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The Honolulu Advertiser

Posted on: Thursday, February 24, 2005


Pothole claims against city escalating
 •  Chart (opens in a new window): Major causes of potholes

By Robbie Dingeman
Advertiser Staff Writer

Each year potholes cost the city money. Not just to patch them, but to pay claims submitted by drivers whose vehicles have been damaged by problem pavement.

Nobo Acoba fills a growing cavity around a manhole cover with hot asphalt. The city's pothole patching crews are working Saturdays to catch up with the backlog of reported potholes, but it still is about a week's wait between a report and its fix.

Bruce Asato • The Honolulu Advertiser

That's good news to Kaimuki resident Keary Haubner, who wrote to Bureaucracy Buster asking whether government agencies indeed reimburse for damages caused by potholes, as a co-worker told him.

Haubner said he recently got a flat after driving through a "moon crater of a pothole" in the Ala Wai area.

"I hit it so hard my teeth clenched together and a shock went up my back," he said.

Then his car started making noise.

"When I did bring it in to get it fixed, I asked if a pothole could cause that and he (the repair man) said, 'Yes.' "

In 2002 the city paid $10,485.64 to settle 21 of 39 claims submitted, according to City Deputy Corporation Counsel Marie Manuel Gavigan. She reviews pothole claims as part of her job to determine which claims should be paid by the city.

The payments ranged from $79.80 to $2,627.48.

To report a pothole

Call the city hotline, 527-6006. Source: City Department of Corporation Counsel

Of those not paid by the city, 12 were referred to other jurisdictions — the state, Board of Water Supply, private contractors — five others were denied and one was thrown out because of a statute of limitations.

But the number of pothole claims has skyrocketed since then, to 64 in 2003 and 353 last year, according to Gavigan.

She blamed the increase on the weather, noting that the number of claims increases during periods of heavy rain — as does the number of potholes.

This huge pothole formed on Queen Street near Cummins Sreet last month. Drivers can file a claim with the city for pothole damage.

Advertiser library photo

The amounts paid on those claims were not yet available.

The first thing a resident must do is determine whether the damage occurred on a state or city road.

Once a claim is filed, "we send a letter telling them that we need to make an investigation," said Gavigan. "We have to determine whether the city has legal responsibility for their claim."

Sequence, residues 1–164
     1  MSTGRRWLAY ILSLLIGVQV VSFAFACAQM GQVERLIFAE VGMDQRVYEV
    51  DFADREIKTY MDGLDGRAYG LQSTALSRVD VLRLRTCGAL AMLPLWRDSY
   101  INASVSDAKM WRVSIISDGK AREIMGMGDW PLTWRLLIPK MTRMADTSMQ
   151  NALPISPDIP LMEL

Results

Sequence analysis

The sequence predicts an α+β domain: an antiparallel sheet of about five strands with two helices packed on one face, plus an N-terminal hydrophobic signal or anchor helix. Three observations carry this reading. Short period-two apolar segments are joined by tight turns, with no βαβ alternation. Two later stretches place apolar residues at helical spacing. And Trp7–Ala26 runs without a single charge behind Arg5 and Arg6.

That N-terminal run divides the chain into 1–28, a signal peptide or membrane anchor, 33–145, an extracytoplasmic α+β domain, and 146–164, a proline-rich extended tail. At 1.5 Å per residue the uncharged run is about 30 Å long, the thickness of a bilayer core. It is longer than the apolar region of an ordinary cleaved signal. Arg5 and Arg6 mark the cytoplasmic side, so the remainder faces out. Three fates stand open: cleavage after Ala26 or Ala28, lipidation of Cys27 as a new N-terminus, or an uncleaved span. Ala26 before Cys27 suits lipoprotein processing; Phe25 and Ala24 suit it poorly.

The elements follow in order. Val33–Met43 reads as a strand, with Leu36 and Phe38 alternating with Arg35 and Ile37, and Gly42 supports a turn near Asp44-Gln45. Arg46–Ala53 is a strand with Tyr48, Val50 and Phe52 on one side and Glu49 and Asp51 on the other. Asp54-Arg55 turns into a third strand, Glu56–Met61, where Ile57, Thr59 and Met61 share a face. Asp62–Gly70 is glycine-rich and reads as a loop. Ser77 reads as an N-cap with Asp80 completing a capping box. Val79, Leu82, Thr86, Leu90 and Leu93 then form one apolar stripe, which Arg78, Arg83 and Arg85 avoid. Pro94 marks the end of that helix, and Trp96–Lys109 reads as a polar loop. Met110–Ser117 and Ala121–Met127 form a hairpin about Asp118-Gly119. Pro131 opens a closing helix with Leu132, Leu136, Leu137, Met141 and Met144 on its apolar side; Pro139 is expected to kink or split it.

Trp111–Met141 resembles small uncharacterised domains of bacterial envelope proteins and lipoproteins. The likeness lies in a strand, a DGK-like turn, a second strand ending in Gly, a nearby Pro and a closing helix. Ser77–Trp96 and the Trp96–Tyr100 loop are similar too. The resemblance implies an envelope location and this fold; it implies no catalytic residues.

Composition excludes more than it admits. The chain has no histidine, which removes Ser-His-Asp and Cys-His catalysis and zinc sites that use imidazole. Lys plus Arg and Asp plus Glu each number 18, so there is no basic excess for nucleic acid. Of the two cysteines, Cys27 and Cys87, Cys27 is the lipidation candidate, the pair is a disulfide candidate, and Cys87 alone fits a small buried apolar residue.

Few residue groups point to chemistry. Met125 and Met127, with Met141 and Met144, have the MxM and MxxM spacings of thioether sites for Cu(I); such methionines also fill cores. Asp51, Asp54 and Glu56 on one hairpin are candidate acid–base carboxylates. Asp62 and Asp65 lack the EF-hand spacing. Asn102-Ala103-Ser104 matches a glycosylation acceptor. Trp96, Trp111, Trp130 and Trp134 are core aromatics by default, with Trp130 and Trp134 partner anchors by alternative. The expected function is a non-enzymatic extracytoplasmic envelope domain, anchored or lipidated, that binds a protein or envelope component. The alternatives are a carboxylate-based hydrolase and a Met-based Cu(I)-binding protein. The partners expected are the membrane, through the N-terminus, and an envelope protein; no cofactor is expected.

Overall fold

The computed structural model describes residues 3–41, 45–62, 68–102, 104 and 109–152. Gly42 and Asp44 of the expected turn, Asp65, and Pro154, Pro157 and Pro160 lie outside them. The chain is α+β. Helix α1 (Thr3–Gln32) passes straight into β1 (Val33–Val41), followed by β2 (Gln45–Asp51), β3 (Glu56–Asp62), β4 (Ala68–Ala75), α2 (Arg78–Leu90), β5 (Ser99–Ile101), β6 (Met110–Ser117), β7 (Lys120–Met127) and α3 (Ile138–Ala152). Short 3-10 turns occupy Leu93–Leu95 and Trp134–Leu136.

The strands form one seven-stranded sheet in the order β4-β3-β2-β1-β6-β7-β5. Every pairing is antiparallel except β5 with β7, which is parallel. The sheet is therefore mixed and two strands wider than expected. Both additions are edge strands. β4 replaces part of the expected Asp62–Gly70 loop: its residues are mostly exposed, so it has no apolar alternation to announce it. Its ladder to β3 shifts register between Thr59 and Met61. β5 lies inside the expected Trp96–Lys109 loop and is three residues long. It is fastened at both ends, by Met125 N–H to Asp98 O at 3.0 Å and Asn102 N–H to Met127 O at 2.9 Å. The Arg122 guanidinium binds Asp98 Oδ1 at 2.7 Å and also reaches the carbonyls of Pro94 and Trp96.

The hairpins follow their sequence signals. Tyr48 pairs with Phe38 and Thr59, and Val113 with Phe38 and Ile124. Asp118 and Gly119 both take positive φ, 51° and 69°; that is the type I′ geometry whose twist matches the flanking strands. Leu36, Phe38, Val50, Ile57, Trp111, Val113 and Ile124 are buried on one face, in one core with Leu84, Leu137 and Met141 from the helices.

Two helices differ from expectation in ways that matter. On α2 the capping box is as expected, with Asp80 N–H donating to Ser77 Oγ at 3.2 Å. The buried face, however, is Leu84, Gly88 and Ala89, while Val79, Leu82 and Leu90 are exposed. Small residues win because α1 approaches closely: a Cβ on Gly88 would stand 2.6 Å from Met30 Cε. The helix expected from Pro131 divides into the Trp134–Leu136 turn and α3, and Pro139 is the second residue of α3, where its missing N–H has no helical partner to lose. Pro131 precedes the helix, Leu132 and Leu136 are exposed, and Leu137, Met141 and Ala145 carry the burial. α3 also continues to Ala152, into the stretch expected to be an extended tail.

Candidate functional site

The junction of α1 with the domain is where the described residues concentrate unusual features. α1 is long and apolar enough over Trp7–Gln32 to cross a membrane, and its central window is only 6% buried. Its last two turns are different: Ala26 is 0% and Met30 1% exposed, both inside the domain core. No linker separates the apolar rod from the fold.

For that, the agency needs documentation, such as repair bills or proof of damage and a repair estimate, she said. Generally, it takes about three months to process such a claim, she said.

Haubner has done his best to document the damage to his car — which totaled $119.

How to file a pothole claim on O'ahu

• People who think their vehicle sustained damage from a pothole on a city road can file a claim to pay for repairs. Claim forms may be obtained by calling the Department of the Corporation Counsel at 523-4639.

• Once a claim is received, the city conducts an investigation. The time it takes to complete depends on the complexity of the claim and the number of claims being handled at any given time. Right now, pothole claims are taking up to three months to process.

• Based on the results of the investigation, the city decides whether to approve or deny the claim. Each claim is reviewed on a case-by-case basis. For 2002, claims paid out ranged from $79.80 to $2,627.48.

Source: City Department of Corporation Counsel

"I have since replaced the tire but still have kept the damaged one along with keeping the receipt and have taken a picture of the pothole that caused the flat tire," Haubner said.

The city tries to patch potholes within 48 hours of getting a report, said Larry Leopardi, city road maintenance division chief.

However, crews can't always get there that fast, he said.

"We're probably up to about a week" right now, he said. "We've been working our crews on Saturdays" to try to catch up.

He encouraged residents to call the city's pothole hotline — 527-6006 — to report a pothole.

"That's really the quickest way to report a pothole," he said. "That's the way to go."

Leopardi knows that sometimes people try to drive in a kind of obstacle course to avoid the potholes they encounter daily or weekly. "It creates the opportunity for more accidents. You've got cars that are doing unusual things or at least unexpected things," he said.

As for pothole-related damage, Gavigan encouraged drivers to submit all legitimate claims. But she sounded one cautionary note: Anybody that submits a false claim can be subject to a fine and forced to pay three times the amount of the damages sustained.

• • •

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Honolulu, HI 96813

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